But as anyone who's worked with tech people knows, this intellectual background can also lead to arrogance. People who excel at software design become convinced that they have a unique ability to understand any kind of system at all, from first principles, without prior training, thanks to their superior powers of analysis. Success in the artificially constructed world of software design promotes a dangerous confidence.
Today we are embarked on a great project to make computers a part of everyday life. As Marc Andreessen memorably frames it, "software is eating the world". And those of us writing the software expect to be greeted as liberators.
Our intentions are simple and clear. First we will instrument, then we will analyze, then we will optimize. And you will thank us.
But the real world is a stubborn place. It is complex in ways that resist abstraction and modeling. It notices and reacts to our attempts to affect it. Nor can we hope to examine it objectively from the outside, any more than we can step out of our own skin.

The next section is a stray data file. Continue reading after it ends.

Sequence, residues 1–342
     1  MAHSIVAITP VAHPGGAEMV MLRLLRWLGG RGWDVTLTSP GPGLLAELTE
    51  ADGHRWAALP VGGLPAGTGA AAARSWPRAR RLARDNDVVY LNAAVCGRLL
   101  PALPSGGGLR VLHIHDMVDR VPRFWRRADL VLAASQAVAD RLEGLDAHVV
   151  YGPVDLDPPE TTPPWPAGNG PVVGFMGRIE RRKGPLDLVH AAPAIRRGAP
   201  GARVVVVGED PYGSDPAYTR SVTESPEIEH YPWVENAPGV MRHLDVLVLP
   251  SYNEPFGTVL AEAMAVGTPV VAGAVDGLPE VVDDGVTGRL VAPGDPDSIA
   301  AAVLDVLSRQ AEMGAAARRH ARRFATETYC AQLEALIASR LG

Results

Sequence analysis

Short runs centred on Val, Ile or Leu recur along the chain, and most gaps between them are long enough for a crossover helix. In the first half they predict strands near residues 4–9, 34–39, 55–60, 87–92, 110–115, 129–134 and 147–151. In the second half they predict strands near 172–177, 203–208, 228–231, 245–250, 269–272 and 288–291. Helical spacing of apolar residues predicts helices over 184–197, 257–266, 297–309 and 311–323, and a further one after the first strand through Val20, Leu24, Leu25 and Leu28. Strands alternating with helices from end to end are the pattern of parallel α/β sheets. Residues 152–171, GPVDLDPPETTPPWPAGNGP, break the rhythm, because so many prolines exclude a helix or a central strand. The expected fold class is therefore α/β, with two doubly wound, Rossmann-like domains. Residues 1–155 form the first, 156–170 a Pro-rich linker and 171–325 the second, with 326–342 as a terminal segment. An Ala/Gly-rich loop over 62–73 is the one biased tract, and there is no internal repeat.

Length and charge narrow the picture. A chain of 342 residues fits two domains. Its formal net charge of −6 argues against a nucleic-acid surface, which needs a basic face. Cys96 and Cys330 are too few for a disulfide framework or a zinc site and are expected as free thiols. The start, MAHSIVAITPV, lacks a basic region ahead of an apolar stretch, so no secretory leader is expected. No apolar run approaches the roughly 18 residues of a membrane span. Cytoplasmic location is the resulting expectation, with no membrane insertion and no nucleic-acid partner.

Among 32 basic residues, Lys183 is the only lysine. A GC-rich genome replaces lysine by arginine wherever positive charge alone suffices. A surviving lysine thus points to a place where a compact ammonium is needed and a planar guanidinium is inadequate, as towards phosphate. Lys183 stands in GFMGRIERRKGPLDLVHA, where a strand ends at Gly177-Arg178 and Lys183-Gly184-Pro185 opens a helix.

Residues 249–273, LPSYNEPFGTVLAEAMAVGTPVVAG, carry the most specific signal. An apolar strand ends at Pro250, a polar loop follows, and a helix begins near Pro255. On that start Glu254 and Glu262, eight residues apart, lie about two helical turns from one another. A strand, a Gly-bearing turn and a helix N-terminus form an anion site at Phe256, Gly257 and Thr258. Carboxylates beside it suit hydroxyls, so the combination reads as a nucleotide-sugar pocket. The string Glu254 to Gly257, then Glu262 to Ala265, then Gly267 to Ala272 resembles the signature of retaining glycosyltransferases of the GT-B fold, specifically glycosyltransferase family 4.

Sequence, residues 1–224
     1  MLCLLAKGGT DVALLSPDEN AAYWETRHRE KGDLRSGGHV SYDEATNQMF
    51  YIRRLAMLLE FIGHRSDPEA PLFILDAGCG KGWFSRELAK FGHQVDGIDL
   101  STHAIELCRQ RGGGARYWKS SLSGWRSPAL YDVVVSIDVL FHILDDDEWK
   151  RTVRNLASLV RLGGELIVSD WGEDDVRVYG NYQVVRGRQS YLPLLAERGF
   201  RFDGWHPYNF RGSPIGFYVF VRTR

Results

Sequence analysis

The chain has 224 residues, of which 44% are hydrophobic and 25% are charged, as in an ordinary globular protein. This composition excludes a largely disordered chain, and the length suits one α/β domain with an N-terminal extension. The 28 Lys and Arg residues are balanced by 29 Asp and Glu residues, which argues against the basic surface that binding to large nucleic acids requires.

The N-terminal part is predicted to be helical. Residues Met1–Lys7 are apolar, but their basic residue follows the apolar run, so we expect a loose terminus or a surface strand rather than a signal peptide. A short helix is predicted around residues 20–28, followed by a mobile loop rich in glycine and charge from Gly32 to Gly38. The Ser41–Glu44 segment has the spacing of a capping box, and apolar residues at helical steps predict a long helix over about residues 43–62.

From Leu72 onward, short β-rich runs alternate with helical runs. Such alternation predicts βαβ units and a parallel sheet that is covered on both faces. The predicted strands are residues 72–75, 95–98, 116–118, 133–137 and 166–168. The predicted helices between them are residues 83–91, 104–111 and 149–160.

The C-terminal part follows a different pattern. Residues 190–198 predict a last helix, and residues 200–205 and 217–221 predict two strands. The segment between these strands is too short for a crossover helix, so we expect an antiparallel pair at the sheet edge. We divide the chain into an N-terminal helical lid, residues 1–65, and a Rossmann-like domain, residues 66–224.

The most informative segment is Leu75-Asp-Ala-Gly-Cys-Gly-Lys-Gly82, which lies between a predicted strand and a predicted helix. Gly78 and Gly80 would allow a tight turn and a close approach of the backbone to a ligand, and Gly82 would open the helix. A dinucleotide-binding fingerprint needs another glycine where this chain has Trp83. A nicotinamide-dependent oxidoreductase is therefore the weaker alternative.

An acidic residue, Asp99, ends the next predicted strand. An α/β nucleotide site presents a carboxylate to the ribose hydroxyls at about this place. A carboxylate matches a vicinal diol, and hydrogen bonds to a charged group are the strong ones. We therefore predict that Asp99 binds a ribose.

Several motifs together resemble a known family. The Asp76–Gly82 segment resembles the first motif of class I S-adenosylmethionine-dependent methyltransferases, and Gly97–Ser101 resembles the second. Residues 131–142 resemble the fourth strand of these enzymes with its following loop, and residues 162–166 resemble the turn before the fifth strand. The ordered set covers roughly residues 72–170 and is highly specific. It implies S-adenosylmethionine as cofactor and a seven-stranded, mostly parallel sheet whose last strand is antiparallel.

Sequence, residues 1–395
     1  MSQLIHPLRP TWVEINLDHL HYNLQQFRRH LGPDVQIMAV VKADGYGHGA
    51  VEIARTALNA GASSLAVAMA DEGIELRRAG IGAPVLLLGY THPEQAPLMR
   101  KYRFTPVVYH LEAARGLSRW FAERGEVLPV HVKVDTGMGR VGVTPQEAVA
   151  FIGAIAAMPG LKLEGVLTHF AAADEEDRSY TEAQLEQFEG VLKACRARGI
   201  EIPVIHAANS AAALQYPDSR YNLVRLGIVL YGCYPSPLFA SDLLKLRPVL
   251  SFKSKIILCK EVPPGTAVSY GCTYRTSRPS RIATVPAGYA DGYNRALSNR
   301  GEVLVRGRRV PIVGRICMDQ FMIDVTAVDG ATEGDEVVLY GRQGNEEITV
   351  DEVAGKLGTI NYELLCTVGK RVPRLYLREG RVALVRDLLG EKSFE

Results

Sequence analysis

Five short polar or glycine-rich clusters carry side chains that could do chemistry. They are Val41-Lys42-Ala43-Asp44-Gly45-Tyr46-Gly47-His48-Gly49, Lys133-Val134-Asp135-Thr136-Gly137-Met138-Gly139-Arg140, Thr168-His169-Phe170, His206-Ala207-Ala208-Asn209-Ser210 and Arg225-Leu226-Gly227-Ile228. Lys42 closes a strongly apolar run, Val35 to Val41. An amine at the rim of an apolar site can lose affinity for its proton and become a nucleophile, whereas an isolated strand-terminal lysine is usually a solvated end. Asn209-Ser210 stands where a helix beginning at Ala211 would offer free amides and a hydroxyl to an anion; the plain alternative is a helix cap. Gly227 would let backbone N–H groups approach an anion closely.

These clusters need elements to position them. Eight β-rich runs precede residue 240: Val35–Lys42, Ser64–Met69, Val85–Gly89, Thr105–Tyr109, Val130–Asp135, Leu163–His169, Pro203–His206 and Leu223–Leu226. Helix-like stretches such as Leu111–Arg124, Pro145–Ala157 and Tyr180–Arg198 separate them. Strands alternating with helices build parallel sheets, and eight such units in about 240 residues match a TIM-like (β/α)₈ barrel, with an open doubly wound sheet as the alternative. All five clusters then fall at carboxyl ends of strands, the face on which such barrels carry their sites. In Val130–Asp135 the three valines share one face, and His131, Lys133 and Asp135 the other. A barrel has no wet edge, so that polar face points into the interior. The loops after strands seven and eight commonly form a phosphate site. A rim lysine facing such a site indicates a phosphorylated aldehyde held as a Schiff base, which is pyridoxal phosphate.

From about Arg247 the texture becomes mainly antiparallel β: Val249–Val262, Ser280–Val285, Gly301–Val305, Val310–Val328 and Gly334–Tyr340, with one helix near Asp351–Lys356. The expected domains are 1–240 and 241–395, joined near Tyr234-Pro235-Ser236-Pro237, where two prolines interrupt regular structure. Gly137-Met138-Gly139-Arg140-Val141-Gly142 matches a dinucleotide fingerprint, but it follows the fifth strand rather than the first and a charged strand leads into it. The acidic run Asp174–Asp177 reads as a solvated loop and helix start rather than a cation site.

The connected world we're building may resemble a computer system, but really it's just the regular old world from before, with a bunch of microphones and keyboards and flat screens sticking out of it. And it has the same old problems.
Approaching the world as a software problem is a category error that has led us into some terrible habits of mind.
I almost quoted the whole thing. Please read it — and, perhaps, read it in conjunction with another essay I referred to recently, about the just plain wrongness of believing that the brain is a computer. Ask a software engineer for solutions to non-software problems, and you’ll get answers that might work brilliantly ... if the world were software.
Monday, June 27, 2016
Myths are not lies. Nor are they detached stories. They are imaginative patterns, networks of powerful symbols that suggest particular ways of interpreting the world. They shape its meaning. For instance, machine imagery, which began to pervade our thought in the seventeenth century, is still potent today. We still often tend to see ourselves, and the living things around us, as pieces of clockwork: items of a kind that we ourselves could make, and might decide to remake if it suits us better. Hence the confident language of ‘genetic engineering’ and ‘the building-blocks of life’.